LEUPP, Ariz. - North Leupp Family Farms has supported local Navajo families through practical and traditional food production using dry farming, drip irrigation and greenhouse growing for more than 30 years.
Owner Stacey Jensen will put on an open house Aug. 29 from 9 a.m.-2 p.m. Mountain Standard Time to celebrate the achievement. The 100-acre farm is located about 35 minutes northeast of Flagstaff just at the western-most entrance to the Navajo and Hopi reservation areas going east towards Winslow and Kykotsmovi.
The Harvest Fest event, which will be held at the Farm Arbor, will feature food demonstrations by Leupp Farm staffers and also local Navajo farmers, and include a Farmer's Market that will have freshly harvested crops that grown in the farming areas and the Leupp Farm greenhouse such as kale, corn, squash and melons - all available for purchase.
The original idea and mission of Leupp Family Farm was to help combat diabetes and other illnesses afflicting tribal members by offering more organic and healthy food choices. Over the years the farm has grown into a much larger, more productive business that now produces year round produce not just outside in the irrigated areas but also in their greenhouse as well as promoting cultural activities for children and adults.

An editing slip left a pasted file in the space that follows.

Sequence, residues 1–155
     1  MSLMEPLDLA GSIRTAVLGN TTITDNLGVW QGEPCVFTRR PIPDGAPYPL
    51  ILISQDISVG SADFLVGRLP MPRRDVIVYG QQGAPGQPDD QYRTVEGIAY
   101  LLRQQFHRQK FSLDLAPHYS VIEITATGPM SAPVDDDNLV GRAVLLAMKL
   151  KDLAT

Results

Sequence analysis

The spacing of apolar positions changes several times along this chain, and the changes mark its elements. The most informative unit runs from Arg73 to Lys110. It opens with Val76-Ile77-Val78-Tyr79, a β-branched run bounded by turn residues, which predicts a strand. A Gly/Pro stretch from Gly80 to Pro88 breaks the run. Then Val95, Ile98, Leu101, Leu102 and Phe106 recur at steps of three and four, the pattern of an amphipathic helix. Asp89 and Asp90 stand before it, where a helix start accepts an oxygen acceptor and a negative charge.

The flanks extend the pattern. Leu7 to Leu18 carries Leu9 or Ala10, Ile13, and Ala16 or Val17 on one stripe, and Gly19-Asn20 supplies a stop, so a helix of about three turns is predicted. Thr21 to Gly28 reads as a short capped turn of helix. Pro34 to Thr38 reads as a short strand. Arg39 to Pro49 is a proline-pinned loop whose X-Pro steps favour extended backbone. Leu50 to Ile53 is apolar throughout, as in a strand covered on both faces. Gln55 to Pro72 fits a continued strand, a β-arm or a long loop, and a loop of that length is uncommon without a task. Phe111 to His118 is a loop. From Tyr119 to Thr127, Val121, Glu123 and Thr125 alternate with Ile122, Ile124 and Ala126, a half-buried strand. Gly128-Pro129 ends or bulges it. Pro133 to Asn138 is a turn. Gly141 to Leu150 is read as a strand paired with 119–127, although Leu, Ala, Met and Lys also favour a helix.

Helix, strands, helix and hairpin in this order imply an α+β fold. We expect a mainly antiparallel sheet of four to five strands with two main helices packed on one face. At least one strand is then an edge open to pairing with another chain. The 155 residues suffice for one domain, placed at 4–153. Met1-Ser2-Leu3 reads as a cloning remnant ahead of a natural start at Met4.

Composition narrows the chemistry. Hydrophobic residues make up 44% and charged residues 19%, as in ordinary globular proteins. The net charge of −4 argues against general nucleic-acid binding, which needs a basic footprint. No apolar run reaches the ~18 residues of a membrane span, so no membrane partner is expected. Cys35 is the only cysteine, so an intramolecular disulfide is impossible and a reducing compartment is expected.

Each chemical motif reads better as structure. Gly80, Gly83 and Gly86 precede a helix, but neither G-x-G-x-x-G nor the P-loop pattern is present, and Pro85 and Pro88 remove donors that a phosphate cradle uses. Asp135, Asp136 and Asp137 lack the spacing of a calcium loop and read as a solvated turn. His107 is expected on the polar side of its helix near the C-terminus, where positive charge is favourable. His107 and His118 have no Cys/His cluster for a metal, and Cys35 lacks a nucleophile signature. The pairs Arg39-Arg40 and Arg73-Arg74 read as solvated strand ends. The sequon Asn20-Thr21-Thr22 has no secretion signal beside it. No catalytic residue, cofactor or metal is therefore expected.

Leupp Farms also puts on occasional workshops that show community members how to incorporate more home grown organic vegetable cooking into a healthier lifestyle and also use solar energy in their homes for cooking.
In the past few years, Leupp Family Farms has added retail to their business by developing a blue corn production.
Leupp Farms would like to become a major supplier of milled blue corn to northern Arizona businesses that feature organic and vegetarian meal food production choices.
Leupp Farms was recently awarded a USDA Value Added Producer grant to help fund a feasibility study and development of business plan for producing the milled blue cornmeal.
Northern Arizona and Flagstaff food buyers currently must buy and truck their commercial blue corn purchases from New Mexico because no one is producing or manufacturing blue corn in mass quantities needed for vegetarian or organic food products.
More than 30 Navajo families tend smaller individual farming plots at Leupp Farms. These crops are harvested and sold to local Flagstaff grocery stores and schools including Star School in Leupp, where there is a daily salad bar for the students designed to encourage a healthier lunch choice for students.
Leupp Farms became a non-profit organization in 2009 and just recently obtained 501-C3 status, which will allow more creative ways for the Leupp Farm to work with community and other non-profit organizations to promote healthier living and eating conditions.
Jensen is encouraging all community members, Native and non-Native to come and join him and his staff at the free Harvest Fest event to see what kind and how much produce they are able to grow and supply local communities. The open feast is available to all and will use much of what is grown on the Leupp farm.
More information on the event is a available from Jensen at (928) 313-4658 or email@example.com.
More like this story
- North Leupp Family Farms celebrates 30 years of traditional Navajo farming
- Local organization promotes community farming near Tuba City
- Hopi farmers continue to utilize centuries-old dry farming methods
- North Leupp Family Farms examines land and water issues
- Navajo Tech land grant workshops seek to restore gardening on rez